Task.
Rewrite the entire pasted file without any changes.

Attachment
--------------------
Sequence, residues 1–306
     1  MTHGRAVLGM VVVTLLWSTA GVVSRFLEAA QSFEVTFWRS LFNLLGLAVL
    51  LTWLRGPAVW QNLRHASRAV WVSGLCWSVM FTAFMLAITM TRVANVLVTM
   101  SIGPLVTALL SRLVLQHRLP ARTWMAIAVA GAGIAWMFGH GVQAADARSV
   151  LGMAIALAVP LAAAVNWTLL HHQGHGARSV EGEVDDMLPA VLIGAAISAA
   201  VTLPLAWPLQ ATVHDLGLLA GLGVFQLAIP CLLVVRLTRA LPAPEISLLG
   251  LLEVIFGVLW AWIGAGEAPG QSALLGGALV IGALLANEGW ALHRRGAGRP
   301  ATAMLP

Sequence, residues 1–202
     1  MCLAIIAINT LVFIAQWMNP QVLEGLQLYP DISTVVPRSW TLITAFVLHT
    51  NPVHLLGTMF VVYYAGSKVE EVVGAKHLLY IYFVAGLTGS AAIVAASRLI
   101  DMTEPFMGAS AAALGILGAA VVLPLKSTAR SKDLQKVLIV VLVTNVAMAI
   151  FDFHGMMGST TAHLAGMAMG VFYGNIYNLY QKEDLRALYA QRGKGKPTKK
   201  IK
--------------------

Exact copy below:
Sequence, residues 1–306
     1  MTHGRAVLGM VVVTLLWSTA GVVSRFLEAA QSFEVTFWRS LFNLLGLAVL
    51  LTWLRGPAVW QNLRHASRAV WVSGLCWSVM FTAFMLAITM TRVANVLVTM
   101  SIGPLVTALL SRLVLQHRLP ARTWMAIAVA GAGIAWMFGH GVQAADARSV
   151  LGMAIALAVP LAAAVNWTLL HHQGHGARSV EGEVDDMLPA VLIGAAISAA
   201  VTLPLAWPLQ ATVHDLGLLA GLGVFQLAIP CLLVVRLTRA LPAPEISLLG
   251  LLEVIFGVLW AWIGAGEAPG QSALLGGALV IGALLANEGW ALHRRGAGRP
   301  ATAMLP

Sequence, residues 1–202
     1  MCLAIIAINT LVFIAQWMNP QVLEGLQLYP DISTVVPRSW TLITAFVLHT
    51  NPVHLLGTMF VVYYAGSKVE EVVGAKHLLY IYFVAGLTGS AAIVAASRLI
   101  DMTEPFMGAS AAALGILGAA VVLPLKSTAR SKDLQKVLIV VLVTNVAMAI
   151  FDFHGMMGST TAHLAGMAMG VFYGNIYNLY QKEDLRALYA QRGKGKPTKK
   201  IK